2. The Enlightenment

The second major influence on the Founders was The Enlightenment. Enlightenment thinking emerged in Europe in the 1600s, and was pretty radical for that age of kings and queens. Politically, the Enlightenment was distinguished by an emphasis on liberty, democracy, republicanism, and religious tolerance. So our founding documents include the best of Enlightenment thinking and biblical principles.

V. The First Amendment and Wall of Separation

The Founders also wanted to avoid the problems that had occurred in Europe over the centuries, especially religious conflict. They saw the discrimination, persecution, and war that came with state religions, so the first thing they put in the Constitution was: “Congress shall make no law respecting an establishment of religion…”

We have to understand that the term “religion” in 1776 meant what we call today a “church” or “denomination.” However, as different religions emerged, they were secure from governmental interference under the broad protection of the First Amendment.

Thomas Jefferson called this protection a “Wall of Separation”, meaning there is a legal wall protecting religious practice from the government. He coined that phrase in a letter written to a Baptist Church in Danbury, Connecticut, which was concerned about what the First Amendment meant. However, in cases coming after 1947, the courts have interpreted the First Amendment as protecting the country from religion. Sadly, Jefferson’s “Wall of Separation” is now being totally misrepresented to try to limit religion and religious expression in public.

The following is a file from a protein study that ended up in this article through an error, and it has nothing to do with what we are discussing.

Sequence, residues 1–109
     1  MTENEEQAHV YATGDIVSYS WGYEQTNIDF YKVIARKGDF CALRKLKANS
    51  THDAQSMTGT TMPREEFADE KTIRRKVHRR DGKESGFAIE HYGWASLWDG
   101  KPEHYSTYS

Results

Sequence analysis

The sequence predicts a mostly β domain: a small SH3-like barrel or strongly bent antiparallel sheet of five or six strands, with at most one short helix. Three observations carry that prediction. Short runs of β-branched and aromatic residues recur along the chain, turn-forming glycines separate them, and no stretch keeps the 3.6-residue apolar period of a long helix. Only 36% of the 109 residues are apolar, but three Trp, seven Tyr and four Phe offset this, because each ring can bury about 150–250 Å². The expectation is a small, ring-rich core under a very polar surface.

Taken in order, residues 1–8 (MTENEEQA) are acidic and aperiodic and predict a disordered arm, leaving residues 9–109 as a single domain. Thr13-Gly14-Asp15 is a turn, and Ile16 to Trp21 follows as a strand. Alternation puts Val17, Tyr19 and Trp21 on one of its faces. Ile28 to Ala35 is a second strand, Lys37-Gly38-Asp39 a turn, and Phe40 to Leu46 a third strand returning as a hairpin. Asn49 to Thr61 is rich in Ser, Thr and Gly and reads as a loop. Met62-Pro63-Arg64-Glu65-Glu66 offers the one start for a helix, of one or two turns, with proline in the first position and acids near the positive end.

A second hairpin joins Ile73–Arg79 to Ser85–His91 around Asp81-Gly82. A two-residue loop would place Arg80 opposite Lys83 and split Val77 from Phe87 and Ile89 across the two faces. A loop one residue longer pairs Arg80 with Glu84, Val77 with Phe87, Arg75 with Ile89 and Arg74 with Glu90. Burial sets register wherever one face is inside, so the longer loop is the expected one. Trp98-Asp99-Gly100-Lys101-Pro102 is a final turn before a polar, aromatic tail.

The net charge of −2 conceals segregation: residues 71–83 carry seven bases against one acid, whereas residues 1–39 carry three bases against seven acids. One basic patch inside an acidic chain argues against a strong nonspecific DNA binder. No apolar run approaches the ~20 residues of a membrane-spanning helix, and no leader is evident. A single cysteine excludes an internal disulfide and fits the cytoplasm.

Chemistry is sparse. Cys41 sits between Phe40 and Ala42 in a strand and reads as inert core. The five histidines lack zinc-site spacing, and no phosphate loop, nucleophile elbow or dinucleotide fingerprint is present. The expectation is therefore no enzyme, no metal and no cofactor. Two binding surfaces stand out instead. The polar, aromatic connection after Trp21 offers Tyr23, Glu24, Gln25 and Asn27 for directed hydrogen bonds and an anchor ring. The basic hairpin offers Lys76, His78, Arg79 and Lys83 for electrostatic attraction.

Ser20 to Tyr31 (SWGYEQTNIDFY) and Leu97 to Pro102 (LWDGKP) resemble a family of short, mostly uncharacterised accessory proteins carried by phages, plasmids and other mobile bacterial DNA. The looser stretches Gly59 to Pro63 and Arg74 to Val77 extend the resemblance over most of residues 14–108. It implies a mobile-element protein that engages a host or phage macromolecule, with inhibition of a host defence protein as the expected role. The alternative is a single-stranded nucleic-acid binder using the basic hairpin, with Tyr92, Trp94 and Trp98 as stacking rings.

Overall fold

More on this topic in a future post.

Thursday, May 3, 2012

The Threat of China

I believe the U.S. has put itself into a terrible position regarding China. The situation would concern me with any nation, but I’m particularly concerned because it is China. We forget that China is a communist country, and it views us as an enemy. China spends billions on the military, and its military budget has increased by double digit percentages each year for quite some time. Why would China increase its military budget when there’s no apparent threat from any country except what must be a perceived threat from the US?

They spy on the U.S., try to steal our intellectual property, look the other way at the sale of pirated movies, music, and other items, manipulate their currency to their favor, and don’t play according to the rules of international commerce. In foreign policy, they support dictators from Syria to North Korea. Domestically, they are notorious for human rights violations of all kinds, they persecute Christians and other religious groups, force abortions if a woman becomes pregnant with a second child (the “One Child” policy), and suppress free speech.

Of course we can’t expect all countries in the world to be like us, but the Chinese government is so egregious in these areas that we shouldn’t be doing business with them at all. But we do, and I think it is to our peril. The US, being na├»ve as usual, thinks that if we do a lot of business with them, we will become so interdependent that it’s in China’s best interests to cooperate with us and treat us as a friend. Once they’ve had a taste of the prosperity that capitalism brings, they will be a changed society. I don’t buy it. Let’s examine the areas that worry me:

Eroded Manufacturing Base – Dependence on China